Bangor, Maine Backs New Fiberight Trash Biogas Facility
– by Nick McCrea, March 2, 2016, BDN Maine
Bangor plans to send its trash to a future waste-to-energy plant in Hampden after 2018.
In a 7-2 vote Monday night, the Bangor City Council entered a municipal joinder agreement with the Municipal Review Committee, meaning the city will follow the group’s recommendation and send its waste to Fiberight, not Penobscot Energy Recovery Co. in Orrington.
“This move represents an economical and sustainable decision for our city and region,” Councilor Josh Plourde said after the vote.
The reasons for support varied. For some councilors, it was an issue of saving money over the long term. For others, it was in part due to frustration over PERC’s actions.
Councilors David Nealley and Gibran Graham were the dissenting votes. Both expressed concerns about the process and questioned whether the City Council had been given enough time to fully vet the issue.
“What’s the rush?” Nealley asked.
Other councilors countered that they had spent dozens of hours researching the issue, reviewing materials provided by both sides and learning about the proposals in meetings during the past month.
Bangor officials say the city stands to save $4.8 million over the next 15 years by going with Fiberight over PERC, in part because of lower tipping fees offered by Fiberight.
“It costs taxpayers less money to go with the Fiberight proposal,” Council Chairman Sean Faircloth said. “That is a big item to consider.”
Bangor’s decision carries large implications for the viability of both facilities, as many smaller communities could look to Bangor while determining whether to side with Municipal Review Committee and Fiberight or PERC.
In early 2015, Fiberight earned the backing of the Municipal Review Committee, a group representing 187 towns and cities that currently partner with PERC. That decision followed a three-year search for companies to handle the trash load after PERC’s contract expires in 2018.
The partnership with PERC came into question several years ago, after it became clear that the plant’s financial situation would change after 2018 when its contract with Emera Maine expires.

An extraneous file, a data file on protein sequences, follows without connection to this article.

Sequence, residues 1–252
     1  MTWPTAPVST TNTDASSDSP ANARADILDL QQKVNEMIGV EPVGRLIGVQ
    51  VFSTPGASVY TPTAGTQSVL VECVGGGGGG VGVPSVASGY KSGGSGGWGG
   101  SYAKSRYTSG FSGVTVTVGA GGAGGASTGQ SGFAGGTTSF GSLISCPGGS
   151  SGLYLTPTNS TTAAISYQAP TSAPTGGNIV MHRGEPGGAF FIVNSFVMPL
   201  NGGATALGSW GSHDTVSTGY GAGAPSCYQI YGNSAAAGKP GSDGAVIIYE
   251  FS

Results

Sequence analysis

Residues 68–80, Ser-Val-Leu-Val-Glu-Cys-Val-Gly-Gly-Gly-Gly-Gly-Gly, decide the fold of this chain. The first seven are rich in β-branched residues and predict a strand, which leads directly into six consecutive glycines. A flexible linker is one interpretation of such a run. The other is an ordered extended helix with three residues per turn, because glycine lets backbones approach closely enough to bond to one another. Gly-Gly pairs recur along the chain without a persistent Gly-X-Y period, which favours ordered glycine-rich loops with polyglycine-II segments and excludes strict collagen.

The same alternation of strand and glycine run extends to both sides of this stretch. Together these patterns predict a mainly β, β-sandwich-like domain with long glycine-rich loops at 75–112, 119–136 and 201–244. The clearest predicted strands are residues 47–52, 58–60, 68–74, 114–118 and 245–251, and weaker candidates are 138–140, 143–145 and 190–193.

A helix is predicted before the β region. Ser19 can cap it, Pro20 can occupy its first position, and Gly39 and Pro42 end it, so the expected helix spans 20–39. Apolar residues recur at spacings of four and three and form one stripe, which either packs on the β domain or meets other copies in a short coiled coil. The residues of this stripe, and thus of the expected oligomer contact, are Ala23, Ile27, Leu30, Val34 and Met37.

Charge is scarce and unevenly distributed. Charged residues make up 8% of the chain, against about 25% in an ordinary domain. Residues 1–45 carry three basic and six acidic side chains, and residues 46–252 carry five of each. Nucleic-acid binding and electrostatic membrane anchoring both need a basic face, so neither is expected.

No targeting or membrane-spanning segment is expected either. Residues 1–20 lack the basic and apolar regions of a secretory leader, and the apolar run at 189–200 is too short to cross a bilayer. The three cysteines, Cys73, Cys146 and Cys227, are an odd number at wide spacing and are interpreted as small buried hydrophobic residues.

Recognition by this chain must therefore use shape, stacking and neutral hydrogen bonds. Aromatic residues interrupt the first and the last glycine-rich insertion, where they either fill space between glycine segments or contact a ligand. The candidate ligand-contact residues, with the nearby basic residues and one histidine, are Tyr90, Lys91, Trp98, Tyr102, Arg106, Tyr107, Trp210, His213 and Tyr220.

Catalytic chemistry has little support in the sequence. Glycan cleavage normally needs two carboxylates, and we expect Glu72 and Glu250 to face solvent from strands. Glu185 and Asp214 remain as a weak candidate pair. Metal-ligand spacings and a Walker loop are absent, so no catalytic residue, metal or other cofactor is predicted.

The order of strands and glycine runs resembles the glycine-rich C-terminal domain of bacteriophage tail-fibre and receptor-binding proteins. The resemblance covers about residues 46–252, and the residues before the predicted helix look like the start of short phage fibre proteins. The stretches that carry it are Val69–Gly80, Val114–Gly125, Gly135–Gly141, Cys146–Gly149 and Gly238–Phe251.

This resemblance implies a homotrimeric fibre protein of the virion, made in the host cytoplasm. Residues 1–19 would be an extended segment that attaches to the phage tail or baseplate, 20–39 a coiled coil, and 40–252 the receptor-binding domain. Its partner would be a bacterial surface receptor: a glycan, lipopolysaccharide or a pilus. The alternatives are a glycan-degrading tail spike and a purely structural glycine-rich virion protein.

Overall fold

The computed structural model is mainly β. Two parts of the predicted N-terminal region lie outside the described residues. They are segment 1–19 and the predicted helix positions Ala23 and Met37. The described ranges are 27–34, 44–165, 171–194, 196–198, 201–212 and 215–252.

PERC never submitted a proposal during the municipal group’s search for a new company, arguing it already was operating as a partner. But the company later came forward with a new proposal, arguing it could stay open with a smaller staff and by making facility changes to stay economically viable.
For the Municipal Review Committee, it was too little, too late, setting up the debate for nearly 200 Maine towns — stick with the committee or break off to stay with the waste-to-energy plant they’ve been using for decades.
Fiberight plans to build a privately funded $60 million to $70 million facility in Hampden that will convert organic materials in household trash into marketable biogas. The municipal group would buy the land, leasing it to Fiberight.
Critics have questioned the technology Fiberight is proposing, arguing that it’s untested in the United States. Fiberight says that while there’s only one other operational facility like this in the U.S. — in Virginia — they’re commonplace and successful in Europe.
So far, Brewer, Bar Harbor and Hampden are the only other towns to make decisions. Each has gone with Fiberight, sticking with the Municipal Review Committee.
PERC officials are scheduled to make their pitch to town officials in Orono at 6 p.m. Tuesday.
If enough communities sign on to the Fiberight proposal, the project will be able to move forward with construction. Fiberight officials say they will need enough towns to commit to sending a minimum total of 150,000 tons of waste annually in order to operate. Currently, Municipal Review Committee member communities send about 180,000 tons of waste annually to PERC.
Bangor, the largest member of the municipal group, could account for nearly 30,000 tons, or about 20 percent, of Fiberight’s needs.